This may be used where it is necessary to detain an individual with mental disorder who cannot be treated voluntarily and without the treatment the person would be at risk of significant harm. To obtain a certificate the approved medical practitioner must consult and gain the approval of a Mental Health Officer whatever the circumstances.
Compulsory Treatment Order
Compulsory Treatment Orders (CTOs) are granted by the Mental Health Tribunal. They last for 6 months, can be extended by the responsible medical officer for a further six months and then extended annually. The Tribunal reviews them at least every two years. Therefore, they can restrict or deprive liberty for long periods of time. The Mental Welfare Commission for Scotland looks at how these orders are used for people of different ages and genders to see if there are any trends. Over recent years, the number of new orders has come down. The use of CTOs for people aged 65 and over has increased for people with dementia in recent years.
‘De facto detention’
Practitioners must be careful that they are not using excessive coercion to prevent people from leaving hospital when they wish to. They must take care to document situations where they have concerns if an informal patient wishes to leave. The Tribunal can, under section 291 of the 2003 Act, order that an informal patient is being unlawfully detained. People with dementia pose a difficult problem. The Tribunal has ruled that a person with dementia is unlawfully detained in a general hospital when prevented from leaving. It can be appropriate to redirect someone and dissuade him/her from leaving but repeatedly thwarting a determined effort to leave is likely to a significant deprivation of liberty, and the patient should be formally detained.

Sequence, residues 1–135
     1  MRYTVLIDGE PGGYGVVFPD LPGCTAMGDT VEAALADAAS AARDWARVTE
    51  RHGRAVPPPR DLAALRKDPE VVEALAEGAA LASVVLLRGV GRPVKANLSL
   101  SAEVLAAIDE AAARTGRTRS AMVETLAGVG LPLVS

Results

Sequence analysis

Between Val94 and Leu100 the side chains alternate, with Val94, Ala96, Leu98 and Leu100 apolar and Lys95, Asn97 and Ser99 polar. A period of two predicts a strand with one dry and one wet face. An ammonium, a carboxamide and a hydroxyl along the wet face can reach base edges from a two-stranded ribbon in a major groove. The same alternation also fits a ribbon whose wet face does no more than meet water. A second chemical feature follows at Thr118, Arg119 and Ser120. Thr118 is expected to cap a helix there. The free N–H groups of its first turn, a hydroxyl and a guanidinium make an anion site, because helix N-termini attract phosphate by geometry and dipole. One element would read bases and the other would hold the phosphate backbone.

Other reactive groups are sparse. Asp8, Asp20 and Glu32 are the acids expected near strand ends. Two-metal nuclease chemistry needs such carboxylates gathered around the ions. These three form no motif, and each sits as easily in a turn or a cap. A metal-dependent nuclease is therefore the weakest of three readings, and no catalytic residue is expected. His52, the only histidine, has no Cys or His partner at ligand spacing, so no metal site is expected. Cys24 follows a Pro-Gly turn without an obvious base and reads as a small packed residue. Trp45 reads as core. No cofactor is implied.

Adults with Incapacity (Scotland) Act 2000
Scottish incapacity laws were reformed with the introduction of the Adults with Incapacity (Scotland) Act in 2000. This Act covers people with a mental disorder who lack some or all capacity to make decisions or act in their own interests. It recognises that capacity is not all or nothing but is ‘decision specific’. The Act introduced a number of measures to authorise someone else to make decisions on behalf of the person with incapacity, on the basis of a set of principles on the face of the Act. These are fundamental. Any action or decision
- Must benefit the person
- Must be the least restrictive of the person’s liberty in order to gain that benefit
- Must take account of the person’s past and present wishes (s/he must be given assisted to communicate by whatever means is appropriate to the individual)
- Must follow consultation with relevant others as far as practicable
- Must encourage and support the person to maintain existing skills and develop new skills.